3 votes

Is it a best practice to use multipart/form-data instead of base64 when receiving files in an API?

Context

I have developed a Web Api using .Net technology and one of the actions is to upload image files.

The API will receive requests from mobile applications (Android and iOS).

The API must meet one of two conditions:

  • Upload a file for each request using multipart/form-data i.e. the file travels directly embedded in the request.
  • Upload a file for each request by sending it in the body as a string encoded in base64

Both actions work and receive the file (it is manipulated depending on the format in which the API receives it).

Ask

Is there an advantage or a best practice in using multipart/form-data instead of base64 under the above scenario?

1 votes

base64 is a way of coding that enlarges the data by up to 30%, multipart/form-data is part of the standard http and allows to send binary data, because of that multipart is faster and consumes less bandwidth.

1 votes

base64 transforms binary data into a "printable" ASCII representation, the 8-bit space is reduced to 6 bits and represented with letters and numbers (plus a couple of symbols), hence the overall size increases. en.wikipedia.org/wiki/Base64

0 votes

multipart, on the other hand, allows you to send data directly in binary (8-bit bytes) with the Content-Transfer-Encoding: binary w3.org/TR/html401/interact/forms.html#h-17.13.4.2

2voto

Einer Points 16588

base64 is the conversion of bytes to characters ASCII . It is not recommended that you use base64 as it adds more weight to the request. For example the simple character hola which are 4 bytes converted to base64 do 8 bytes (hello in base64 is aG9sYQ== ) and as you just said that it will be an Android application that will send the data, you would be consuming more internet data unnecessarily to the users.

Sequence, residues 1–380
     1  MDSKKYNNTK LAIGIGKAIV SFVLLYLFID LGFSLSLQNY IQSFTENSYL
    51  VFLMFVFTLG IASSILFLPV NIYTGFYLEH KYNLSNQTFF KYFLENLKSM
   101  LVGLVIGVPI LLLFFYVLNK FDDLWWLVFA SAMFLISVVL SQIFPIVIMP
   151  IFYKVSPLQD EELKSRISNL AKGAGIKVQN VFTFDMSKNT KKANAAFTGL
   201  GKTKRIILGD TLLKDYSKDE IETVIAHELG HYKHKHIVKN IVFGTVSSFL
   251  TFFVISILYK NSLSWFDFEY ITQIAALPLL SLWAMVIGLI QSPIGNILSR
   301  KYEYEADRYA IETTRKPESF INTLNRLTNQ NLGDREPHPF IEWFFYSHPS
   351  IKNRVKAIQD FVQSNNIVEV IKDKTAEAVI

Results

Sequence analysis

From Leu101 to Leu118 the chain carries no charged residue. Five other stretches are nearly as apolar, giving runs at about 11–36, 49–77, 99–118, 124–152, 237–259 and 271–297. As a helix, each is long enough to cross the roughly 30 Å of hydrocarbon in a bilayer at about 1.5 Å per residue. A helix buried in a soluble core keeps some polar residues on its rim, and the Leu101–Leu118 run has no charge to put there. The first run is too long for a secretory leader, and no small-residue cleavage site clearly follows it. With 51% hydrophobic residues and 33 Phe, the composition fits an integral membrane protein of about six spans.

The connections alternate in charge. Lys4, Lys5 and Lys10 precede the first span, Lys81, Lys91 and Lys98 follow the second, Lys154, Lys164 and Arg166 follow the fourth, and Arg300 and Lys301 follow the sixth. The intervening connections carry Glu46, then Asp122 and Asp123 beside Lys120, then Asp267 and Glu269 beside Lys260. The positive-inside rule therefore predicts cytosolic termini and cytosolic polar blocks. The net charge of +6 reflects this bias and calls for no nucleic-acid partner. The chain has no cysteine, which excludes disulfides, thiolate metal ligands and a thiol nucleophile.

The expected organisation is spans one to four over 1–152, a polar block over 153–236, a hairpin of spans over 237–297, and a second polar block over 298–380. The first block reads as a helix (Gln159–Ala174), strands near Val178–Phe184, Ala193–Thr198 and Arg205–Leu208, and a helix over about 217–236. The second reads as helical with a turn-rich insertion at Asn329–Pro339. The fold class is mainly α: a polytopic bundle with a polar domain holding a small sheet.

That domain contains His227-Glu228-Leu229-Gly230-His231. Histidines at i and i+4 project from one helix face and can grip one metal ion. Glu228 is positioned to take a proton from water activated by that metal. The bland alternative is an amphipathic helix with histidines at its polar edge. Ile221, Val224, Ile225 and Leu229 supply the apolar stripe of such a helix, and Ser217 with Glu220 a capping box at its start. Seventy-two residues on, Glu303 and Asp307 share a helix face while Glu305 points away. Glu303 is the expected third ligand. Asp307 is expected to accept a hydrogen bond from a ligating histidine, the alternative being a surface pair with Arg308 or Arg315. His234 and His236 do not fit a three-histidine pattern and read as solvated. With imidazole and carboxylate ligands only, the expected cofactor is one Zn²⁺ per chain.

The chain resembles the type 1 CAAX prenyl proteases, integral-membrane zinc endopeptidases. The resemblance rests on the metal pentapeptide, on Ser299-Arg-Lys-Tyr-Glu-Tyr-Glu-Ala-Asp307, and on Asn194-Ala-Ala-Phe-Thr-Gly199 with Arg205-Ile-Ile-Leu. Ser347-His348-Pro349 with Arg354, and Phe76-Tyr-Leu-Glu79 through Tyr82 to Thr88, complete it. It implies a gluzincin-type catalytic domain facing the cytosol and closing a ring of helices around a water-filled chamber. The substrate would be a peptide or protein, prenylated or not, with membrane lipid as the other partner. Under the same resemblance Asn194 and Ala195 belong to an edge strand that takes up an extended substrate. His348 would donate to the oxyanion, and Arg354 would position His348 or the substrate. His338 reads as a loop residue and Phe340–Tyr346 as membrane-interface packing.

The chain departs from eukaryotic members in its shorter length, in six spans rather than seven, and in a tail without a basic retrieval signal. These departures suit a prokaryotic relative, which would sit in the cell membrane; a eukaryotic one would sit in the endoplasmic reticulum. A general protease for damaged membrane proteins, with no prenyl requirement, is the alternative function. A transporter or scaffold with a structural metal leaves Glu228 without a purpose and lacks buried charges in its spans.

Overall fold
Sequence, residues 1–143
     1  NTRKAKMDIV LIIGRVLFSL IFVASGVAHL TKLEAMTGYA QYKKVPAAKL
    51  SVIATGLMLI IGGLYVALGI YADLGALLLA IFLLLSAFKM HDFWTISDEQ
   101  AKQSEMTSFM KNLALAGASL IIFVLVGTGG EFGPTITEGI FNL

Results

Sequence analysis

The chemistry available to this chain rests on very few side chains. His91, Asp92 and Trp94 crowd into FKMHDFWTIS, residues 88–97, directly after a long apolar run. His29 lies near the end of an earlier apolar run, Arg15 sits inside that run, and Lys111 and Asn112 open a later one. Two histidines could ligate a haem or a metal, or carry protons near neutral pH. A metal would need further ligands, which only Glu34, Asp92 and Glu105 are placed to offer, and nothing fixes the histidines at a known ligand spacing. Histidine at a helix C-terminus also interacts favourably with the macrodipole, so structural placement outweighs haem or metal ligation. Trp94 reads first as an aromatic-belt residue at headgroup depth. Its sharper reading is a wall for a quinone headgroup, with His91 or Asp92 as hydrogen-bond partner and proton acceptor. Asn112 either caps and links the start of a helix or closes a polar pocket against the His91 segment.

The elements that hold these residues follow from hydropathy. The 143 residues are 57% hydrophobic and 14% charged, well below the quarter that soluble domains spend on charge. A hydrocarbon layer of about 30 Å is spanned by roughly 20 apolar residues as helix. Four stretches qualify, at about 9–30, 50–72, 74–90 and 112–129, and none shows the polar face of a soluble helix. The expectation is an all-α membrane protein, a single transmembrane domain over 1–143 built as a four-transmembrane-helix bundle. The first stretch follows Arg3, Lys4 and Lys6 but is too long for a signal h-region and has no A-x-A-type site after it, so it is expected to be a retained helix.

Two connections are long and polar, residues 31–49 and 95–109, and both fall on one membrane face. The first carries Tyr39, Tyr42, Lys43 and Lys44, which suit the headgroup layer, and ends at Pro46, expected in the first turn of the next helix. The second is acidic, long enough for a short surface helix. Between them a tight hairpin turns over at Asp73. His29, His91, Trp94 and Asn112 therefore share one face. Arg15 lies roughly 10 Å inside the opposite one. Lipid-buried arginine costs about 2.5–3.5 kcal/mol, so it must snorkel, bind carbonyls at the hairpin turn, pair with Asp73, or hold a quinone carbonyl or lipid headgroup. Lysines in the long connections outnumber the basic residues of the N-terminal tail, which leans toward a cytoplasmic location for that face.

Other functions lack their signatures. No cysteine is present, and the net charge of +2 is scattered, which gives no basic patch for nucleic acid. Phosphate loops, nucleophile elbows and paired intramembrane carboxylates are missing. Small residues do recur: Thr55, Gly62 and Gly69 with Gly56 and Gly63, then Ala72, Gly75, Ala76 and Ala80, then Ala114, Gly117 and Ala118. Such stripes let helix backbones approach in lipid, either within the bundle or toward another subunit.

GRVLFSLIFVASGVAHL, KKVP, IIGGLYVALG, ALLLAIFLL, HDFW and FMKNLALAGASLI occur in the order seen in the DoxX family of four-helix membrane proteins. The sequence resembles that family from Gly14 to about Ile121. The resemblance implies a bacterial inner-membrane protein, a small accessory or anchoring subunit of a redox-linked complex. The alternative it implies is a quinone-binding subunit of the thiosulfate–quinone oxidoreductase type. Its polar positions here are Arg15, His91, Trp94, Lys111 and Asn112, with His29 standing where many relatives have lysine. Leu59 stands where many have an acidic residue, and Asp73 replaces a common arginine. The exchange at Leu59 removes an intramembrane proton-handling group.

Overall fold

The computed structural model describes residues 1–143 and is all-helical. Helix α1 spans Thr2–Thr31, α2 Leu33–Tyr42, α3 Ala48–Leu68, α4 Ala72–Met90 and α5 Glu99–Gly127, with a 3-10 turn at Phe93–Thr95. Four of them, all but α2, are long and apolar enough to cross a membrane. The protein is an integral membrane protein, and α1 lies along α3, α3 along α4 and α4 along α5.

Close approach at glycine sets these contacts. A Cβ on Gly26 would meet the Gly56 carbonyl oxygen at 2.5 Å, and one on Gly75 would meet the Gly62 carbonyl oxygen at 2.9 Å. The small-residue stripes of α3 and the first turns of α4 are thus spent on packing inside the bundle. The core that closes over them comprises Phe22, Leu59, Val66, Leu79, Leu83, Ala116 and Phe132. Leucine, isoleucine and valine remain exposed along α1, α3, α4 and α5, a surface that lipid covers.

Another thing to keep in mind is that base64 has to be decoded on the server adding more processing. If you send a +10MB file you would have to do that first:

  1. Convert to base64 on the device: something that is very slow in itself.
  2. Sending the data to the server: slow and cumbersome due to the amount of data to be converted
  3. Decoding them on the server: slow and unnecessary process.

In the case of multipart, it is part of the HTTP protocol while base64 is not. Although it does not compress them, it ensures compatibility with all http servers and sends any type of file.

Advantages:

  1. Support on all HTTP servers
  2. Does not add to the computational burden of file uploads.
  3. Any file can be sent.

2voto

alo Malbarez Points 6463

base64 is a way of coding that enlarges the data by up to 30%, multipart/form-data is part of the standard http and allows to send binary data, because of that multipart is faster and consumes less bandwidth

base64 transforms binary data to a "printable" ASCII representation, the 8-bit space is reduced to 6 bits and represented with letters and numbers (plus a couple of symbols), hence the overall size increases. This is explained very well in https://es.wikipedia.org/wiki/Base64#Ejemplo

for this, it uses a 24-bit buffer: it puts in 3 bytes of 8 bits ( 8 x 3 = 24 ) and outputs 4 "letters" of 6 bits each ( 6 x 4 = 24 ).

as 4 is 133% of 3 is generally said to increase the input data by 30%.

base64 is mostly used in SMTP (which has a space of 7bits) i.e. email servers and relays, or to pass it by url (minus the padding = which is to be converted to %3D and has to be decoded separately or calculated) a common example of a base64 in url is to insert image files (binary) in HTML, XML or CSS (text only).

In simple API's it can make sense for example to pass by url a json encoded in base64 and so the URL contains all the info to generate the response (there are still some practical limits to the total length of the URL).

multipart on the other hand, it allows data to be sent directly in binary (8-bit bytes) with the Content-Transfer-Encoding: binary

Being an API on http and you have to choose between the two, multipart/form-data is the one that goes.

In the case of uploading large files with metadata for example in the youtube API what they provide is an additional method that will separate the process in two parts: you make a POST with the metadata and you receive (in case everything is ok) a 200 but the location with the URI to where to PUT the file with the content-length and the content-type This URI includes the id assigned to the file so you can summarize the upload in case of unstable network, check if it is still in process or if it is already uploaded etc

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